The legalisation of cannabis is one of the issues gaining attention in the upcoming Queensland Election and may influence the outcome, writes Frank Jordan.
KING CANUTE is famous for plonking his throne down on the beach and commanding the tide not to come in. Cannabis is being legalised all over the world and those who attempt to stem this tide are having as much success as King Canute.
Until now, politicians here have successfully resisted this because the major parties have maintained a united front to keep cannabis criminalised. Although many surveys show that a majority of people support legalisation, voters have had nowhere to vent their frustrations.
This all changed on 11 September when the Legalise Cannabis Queensland (LCQ) Party was officially registered. When nominations closed, they had 23 candidates up and ready to go. They range from Townsville through Rockhampton down to Brisbane and the Gold Coast and out to Nanango. The leaders of the LNP and Labor will both be facing LCQ candidates.
And to add extra spice to the mix, there are several high-profile independent pro-cannabis candidates. They are Lanai Carter in Waterford, Dr John Jiggens in South Brisbane and Finn Armstrong-Schmakeit in Bulimba.
The party with the most to fear is Pauline Hanson's One Nation (PHON). Pauline Hanson famously claims that she says what we are thinking. Well, most of us are thinking that cannabis should be legalised. The party with the least to fear is the Greens. They already support legalising and this includes the crucial ability for people to grow their own plants.
How will this new party affect the Election? It's anyone's guess what will happen in Townsville. However, the LCQ candidate in Mundingburra is number one on the ballot and carries the aura of the rebel that seems to be compulsory for candidates in the north. Most LCQ candidates are not allocating preferences but these are likely to flow on to the next most cannabis-friendly candidates.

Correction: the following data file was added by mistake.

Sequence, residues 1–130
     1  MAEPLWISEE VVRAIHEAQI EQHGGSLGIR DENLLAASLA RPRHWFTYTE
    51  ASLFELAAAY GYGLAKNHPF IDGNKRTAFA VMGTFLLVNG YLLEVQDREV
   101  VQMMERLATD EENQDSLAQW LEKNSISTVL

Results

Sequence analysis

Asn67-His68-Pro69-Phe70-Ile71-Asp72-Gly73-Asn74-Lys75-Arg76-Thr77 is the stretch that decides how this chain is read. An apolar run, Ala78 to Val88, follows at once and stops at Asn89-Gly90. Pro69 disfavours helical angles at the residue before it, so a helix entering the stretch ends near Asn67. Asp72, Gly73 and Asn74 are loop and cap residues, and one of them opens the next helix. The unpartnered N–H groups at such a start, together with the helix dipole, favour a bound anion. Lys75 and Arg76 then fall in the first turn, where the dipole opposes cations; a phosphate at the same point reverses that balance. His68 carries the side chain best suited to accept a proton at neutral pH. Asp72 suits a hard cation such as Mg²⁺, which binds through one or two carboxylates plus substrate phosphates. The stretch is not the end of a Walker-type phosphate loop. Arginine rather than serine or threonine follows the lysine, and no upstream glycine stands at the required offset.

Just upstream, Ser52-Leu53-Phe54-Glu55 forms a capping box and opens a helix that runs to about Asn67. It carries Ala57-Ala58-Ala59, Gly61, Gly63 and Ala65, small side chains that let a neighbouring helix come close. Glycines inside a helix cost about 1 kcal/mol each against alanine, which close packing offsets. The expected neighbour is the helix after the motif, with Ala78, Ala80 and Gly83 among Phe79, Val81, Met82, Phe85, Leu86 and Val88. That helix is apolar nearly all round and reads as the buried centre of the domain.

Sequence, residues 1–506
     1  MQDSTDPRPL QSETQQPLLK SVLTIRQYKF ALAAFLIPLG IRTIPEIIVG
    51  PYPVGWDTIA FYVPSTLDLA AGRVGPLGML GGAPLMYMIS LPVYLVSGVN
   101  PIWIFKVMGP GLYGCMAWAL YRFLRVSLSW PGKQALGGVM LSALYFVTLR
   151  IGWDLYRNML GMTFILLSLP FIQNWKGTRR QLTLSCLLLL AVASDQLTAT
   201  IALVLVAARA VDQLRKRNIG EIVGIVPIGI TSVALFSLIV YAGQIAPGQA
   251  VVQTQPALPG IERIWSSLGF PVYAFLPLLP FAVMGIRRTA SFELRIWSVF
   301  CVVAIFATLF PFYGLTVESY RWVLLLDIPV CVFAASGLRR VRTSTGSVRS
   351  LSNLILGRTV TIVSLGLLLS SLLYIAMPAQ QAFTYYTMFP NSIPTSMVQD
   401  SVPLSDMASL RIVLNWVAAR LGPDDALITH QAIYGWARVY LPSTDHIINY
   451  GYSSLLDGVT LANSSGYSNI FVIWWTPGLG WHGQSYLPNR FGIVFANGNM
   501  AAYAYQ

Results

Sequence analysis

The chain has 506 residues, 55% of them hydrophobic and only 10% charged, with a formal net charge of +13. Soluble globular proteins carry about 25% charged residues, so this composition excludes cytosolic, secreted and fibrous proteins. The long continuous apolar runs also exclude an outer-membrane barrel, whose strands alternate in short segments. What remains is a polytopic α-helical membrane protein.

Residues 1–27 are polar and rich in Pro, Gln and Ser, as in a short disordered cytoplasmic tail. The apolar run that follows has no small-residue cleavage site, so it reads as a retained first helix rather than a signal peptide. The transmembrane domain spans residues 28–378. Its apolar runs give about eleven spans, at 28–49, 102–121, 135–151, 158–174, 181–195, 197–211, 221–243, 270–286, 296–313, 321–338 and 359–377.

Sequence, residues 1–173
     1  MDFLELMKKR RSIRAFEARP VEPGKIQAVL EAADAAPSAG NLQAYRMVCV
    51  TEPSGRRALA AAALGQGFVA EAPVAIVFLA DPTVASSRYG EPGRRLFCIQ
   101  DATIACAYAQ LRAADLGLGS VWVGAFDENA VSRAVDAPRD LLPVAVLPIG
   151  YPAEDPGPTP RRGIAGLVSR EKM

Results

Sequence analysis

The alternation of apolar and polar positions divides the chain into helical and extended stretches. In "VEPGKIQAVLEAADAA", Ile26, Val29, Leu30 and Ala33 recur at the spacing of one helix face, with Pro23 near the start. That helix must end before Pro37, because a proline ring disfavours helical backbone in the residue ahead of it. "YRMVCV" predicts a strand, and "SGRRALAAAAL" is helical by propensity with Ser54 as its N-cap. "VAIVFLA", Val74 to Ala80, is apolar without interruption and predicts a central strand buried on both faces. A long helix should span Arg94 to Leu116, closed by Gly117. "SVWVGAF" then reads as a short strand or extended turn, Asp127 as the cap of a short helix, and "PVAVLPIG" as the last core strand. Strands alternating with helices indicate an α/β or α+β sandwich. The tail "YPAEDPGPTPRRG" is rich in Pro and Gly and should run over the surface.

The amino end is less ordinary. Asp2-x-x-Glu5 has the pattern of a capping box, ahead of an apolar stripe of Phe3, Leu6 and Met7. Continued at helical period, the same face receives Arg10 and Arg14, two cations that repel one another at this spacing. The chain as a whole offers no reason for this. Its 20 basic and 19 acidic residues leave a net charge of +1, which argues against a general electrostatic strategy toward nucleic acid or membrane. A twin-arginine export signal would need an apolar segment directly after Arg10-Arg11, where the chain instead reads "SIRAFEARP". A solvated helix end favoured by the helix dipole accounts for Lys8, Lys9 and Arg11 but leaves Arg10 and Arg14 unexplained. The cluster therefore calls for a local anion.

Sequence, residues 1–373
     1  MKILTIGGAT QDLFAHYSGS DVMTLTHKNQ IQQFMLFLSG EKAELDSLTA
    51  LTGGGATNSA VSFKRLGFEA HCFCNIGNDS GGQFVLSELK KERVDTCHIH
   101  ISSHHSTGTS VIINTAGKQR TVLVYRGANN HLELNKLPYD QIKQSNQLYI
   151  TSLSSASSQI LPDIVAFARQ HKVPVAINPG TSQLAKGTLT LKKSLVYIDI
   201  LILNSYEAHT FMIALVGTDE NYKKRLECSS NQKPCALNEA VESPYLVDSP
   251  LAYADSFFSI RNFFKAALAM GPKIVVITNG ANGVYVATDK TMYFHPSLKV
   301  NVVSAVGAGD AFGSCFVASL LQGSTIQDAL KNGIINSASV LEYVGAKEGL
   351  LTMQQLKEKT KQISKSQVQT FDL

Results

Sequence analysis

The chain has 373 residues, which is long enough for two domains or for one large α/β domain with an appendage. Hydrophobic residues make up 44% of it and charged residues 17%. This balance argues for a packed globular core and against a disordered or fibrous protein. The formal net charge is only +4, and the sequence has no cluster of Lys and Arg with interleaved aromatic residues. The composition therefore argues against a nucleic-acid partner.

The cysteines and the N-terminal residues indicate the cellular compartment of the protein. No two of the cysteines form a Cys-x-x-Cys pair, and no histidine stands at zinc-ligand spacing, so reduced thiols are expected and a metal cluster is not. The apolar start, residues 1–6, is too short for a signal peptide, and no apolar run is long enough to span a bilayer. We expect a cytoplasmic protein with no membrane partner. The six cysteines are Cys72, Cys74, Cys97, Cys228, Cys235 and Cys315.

The two seats that the Greens have a chance of winning have pro-cannabis candidates. Independent Dr John Jiggens in South Brisbane and LCQ's Paul Swan in McConnel. However, given the intense rivalry between the Greens and Labor, they will struggle to make an impact. This is particularly so because the Greens policy is already cannabis-friendly.
Seats like Everton may also be ones to watch even though it is held by Tim Mander with a comfortable margin. His opposition to voluntary assisted dying will cost him votes now that Labor has committed to legalising it. His law and order commitment to keep on gaoling cannabis users and waste $3.5 billion to build new gaols to house them will also cost him votes.
There are several seats where PHON previously had a high vote and this is where LCQ may win a seat if preferences go their way. For example, in Pumicestone, PHON received 23 per cent of the primary vote. How many of these will defect to vote for someone who will not only legalise cannabis but also annul any cannabis convictions?
The Australian Christian Lobby (ACL) who are well known for their "Reefer Madness" style objections to cannabis also stand to lose. Archaeologists have recently found traces of cannabis on a 3,000-year-old Israelite altar. This argues that God had commanded his priests to use cannabis in the temple as recorded in Exodus 30:23. Not to mention that Jesus healed the sick and didn't lock them up in gaol. With God's approval, Christians are now free to abandon the ACL and vote for the legalisation of cannabis.
This election is also a moment of truth for the medical profession. For many years, they have been telling us that cannabis has absolutely no medical value. (That's what a Schedule 9 drug is.) The hundreds of thousands of people who have successfully used black market cannabis for their medical conditions know that this is an outright lie. The pressure is now on for the Australian Medical Association to an issue an official apology to the criminalised generations for their collaboration with the cannabis deniers.
Gaols aren't full of serial killers, child rapists or bankers. They are filled with the mentally ill, First Nation people, cannabis users and they are fighting back against the government bullies. So, on Election day, sit back and watch the miraculous spectacle of a handful of mostly sick people take on the might of the cannabis prohibition industry. Will David once again triumph over Goliath? And in Queensland, of all places.
Frank Jordan ran as a Queensland Senate candidate for the HEMP Party. He is currently running as a candidate for the LCQ Party in the 2020 Queensland State Election.
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